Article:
'A brilliant mind, a brilliant vet' - tributes to Suffolk equine veterinary practice founder

Rossdales Veterinary Surgeons

Dr Peter Rossdale, founder of Rossdales Veterinary Surgeons, died at the end of last month - Credit: Rossdales Veterinary Surgeons

Tributes have been paid to Newmarket equine veterinarian Dr Peter Rossdale who died aged 94 on November 26 following a short illness.

Peter, recognised as the 'Father of Equine Perinatology’, founded the successful Rossdale and Partners in 1959, which now employs more than 50 vets under the name 

He was born in London on September 8, 1927, the fourth child of George and Kate Rossdale and developed an interest in horses from the age of six and his early ambition was to become a jockey.

His decided to become a veterinary surgeon, associated with horses after he was evacuated from London to Stowe School in 1939.

Teachers tried to dissuade, though he told his housemaster that he would “rather be a first-class vet than a second-class doctor”.

Peter read natural sciences at Trinity College Cambridge, starting in 1945, and he entered the Royal Veterinary College, firstly in Camden Town, where he recalled being taught to use a firing iron, and then Streatley, near Reading, where a solitary cow formed the basis for the large animal clinical teaching.

Peter married Jill Clifton, a Kentish farmer’s daughter, in 1954. They had two sons, Simon and Anthony and a daughter, Sally, who gave them six grandchildren and three great grandchildren.

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During his two years in Rye, Peter’s passion for racing and race riding continued. He rode point to point with some success but became ‘famous’ following one race when the local newspaper printed a photograph of him unseated from his mount and landing on his nose.

Peter joined the Reynolds, Leader, Day and Crowhurst practice in Newmarket. After four years he had developed a loyal following of clients, who liked his way of working.

In 1959, Peter and Jill started a new practice in Newmarket, working 24 hours per day, 365 days a year for two years, except for one weekend off.

Michael Hunt subsequently joined Peter in 1961, to form Rossdale & Partners, now Rossdales Veterinary Surgeons.

Peter retired his partnership in 2002 at the age of 75 years, allowing his name to be used for the practice, in perpetuity.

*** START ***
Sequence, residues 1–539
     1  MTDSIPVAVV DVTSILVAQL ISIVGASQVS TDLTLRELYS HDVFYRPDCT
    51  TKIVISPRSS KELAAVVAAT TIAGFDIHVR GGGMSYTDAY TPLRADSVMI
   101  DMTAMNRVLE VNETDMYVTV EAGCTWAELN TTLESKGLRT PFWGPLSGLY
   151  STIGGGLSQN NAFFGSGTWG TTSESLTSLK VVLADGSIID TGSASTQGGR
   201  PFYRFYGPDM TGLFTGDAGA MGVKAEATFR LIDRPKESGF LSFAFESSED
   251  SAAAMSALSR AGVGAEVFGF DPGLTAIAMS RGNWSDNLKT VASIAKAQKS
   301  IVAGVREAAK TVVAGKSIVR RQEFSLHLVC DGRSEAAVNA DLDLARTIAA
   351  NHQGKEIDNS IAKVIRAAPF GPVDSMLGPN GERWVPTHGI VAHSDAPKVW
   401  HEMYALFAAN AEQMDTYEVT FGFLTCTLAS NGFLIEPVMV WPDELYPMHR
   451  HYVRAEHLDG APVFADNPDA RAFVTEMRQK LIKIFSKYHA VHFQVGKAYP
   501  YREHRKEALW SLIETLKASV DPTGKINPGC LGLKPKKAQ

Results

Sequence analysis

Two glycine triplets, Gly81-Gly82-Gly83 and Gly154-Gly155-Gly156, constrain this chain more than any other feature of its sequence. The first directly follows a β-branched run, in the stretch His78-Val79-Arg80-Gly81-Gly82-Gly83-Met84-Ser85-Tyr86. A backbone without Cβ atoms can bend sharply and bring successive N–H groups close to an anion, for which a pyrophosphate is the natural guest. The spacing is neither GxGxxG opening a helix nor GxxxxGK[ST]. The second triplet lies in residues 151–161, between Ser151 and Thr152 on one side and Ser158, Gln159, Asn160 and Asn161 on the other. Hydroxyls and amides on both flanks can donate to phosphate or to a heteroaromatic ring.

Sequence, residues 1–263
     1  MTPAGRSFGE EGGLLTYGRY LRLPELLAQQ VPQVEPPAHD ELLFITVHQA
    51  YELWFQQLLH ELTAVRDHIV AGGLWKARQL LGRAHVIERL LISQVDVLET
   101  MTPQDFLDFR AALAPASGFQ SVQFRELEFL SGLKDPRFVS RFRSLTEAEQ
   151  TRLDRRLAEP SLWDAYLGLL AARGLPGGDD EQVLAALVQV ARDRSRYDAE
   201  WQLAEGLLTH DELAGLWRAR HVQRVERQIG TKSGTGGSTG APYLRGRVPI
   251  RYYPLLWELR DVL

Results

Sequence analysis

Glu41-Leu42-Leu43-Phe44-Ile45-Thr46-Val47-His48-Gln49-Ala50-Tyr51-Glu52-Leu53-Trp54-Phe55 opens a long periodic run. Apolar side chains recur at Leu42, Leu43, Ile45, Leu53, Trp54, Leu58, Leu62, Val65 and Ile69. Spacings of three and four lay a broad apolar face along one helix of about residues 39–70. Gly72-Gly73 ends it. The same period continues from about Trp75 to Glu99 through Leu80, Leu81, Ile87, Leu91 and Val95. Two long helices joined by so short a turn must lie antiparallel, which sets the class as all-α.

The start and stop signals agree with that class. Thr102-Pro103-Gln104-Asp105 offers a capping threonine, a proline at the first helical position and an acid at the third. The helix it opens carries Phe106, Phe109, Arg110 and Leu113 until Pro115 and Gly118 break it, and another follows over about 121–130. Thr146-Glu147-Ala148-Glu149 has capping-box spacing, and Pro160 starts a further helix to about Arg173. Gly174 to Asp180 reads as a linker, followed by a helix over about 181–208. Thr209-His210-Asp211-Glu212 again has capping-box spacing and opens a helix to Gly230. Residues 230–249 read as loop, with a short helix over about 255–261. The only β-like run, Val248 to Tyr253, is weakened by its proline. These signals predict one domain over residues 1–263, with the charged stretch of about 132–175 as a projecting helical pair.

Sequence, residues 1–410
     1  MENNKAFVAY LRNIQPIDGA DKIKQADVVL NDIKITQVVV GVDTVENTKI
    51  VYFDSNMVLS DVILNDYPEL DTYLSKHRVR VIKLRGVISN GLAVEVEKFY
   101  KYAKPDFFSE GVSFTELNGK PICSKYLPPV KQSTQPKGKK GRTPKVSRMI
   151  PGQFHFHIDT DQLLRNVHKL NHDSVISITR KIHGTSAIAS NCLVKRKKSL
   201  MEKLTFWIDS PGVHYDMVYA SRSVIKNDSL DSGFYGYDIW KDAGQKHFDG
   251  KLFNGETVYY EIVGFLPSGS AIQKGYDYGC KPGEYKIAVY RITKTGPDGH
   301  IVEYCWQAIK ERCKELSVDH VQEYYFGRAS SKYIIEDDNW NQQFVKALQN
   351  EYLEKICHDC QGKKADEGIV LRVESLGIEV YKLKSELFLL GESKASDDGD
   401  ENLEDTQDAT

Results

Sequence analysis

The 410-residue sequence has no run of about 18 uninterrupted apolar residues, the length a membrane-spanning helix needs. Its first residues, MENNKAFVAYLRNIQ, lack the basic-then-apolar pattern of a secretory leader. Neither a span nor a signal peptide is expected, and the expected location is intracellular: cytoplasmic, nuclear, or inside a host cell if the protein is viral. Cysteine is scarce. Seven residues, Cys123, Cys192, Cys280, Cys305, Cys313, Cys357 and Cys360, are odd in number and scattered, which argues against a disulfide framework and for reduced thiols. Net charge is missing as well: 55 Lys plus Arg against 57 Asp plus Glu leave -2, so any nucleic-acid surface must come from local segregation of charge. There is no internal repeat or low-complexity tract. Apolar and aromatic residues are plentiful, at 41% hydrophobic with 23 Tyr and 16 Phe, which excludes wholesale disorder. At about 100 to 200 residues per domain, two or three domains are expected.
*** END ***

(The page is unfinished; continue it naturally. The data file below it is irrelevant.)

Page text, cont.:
During his early years in practice Peter formed a passion for the perinatal foal and spent night after night during the breeding season out tending to sick foals and at the same time making observations and collecting samples for analysis in his own laboratory, which he initially developed with Leo Mahaffey.

This clinical research in practice allowed him to satisfy RCVS with a Fellowship thesis, his collaborative research papers on ‘wastage’ of racehorses from conception to four years old were perhaps his most referenced.

Peter published a number of books on equine health for lay and professional readership, including The Horse’s Health From A-Z, co-authored with Sue Wreford and the multi-author editing of Horace Hayes’ Veterinary Notes for Horse owners and ‘Equine Studfarm Medicine’, co-authored with his Partner, Sidney Ricketts, which became the standard equine reproduction text of the time.

In 1961, Peter was a founder member of the British Equine Veterinary Association, he was a past President of BEVA (1976) and was Editor of Equine Veterinary Journal from 1979 to 2010.

Peter's efforts were recognised in several ways including doctorates, honoris causa, by the Universities of Bern, Edinburgh and Sydney and an OBE by Her Majesty the Queen, for his services to veterinary medicine.

Following Jill’s death in 1999, Peter married Mary Sharkey, again found happiness and gained three stepdaughters and a step-granddaughter. Peter suffered a stroke in 2020, which left him wheelchair bound. Mary was a wonderful carer until Peter’s death.

Peter described himself as a ‘catalyst’, who stimulated others, and this remained the case, to his death. His energy, enthusiasm and intellect will remain legendary amongst those that knew him.

His colleagues are proud to have known him and to have worked with him and believe that he was one of the most important veterinary surgeons of our time.

One of his clients, on hearing of his death, said: “a brilliant mind, a brilliant vet and just a very nice person, for whom a lot of us will miss his wisdom, sense of humour and skill as one of the best and most knowledgeable vets we have known”.

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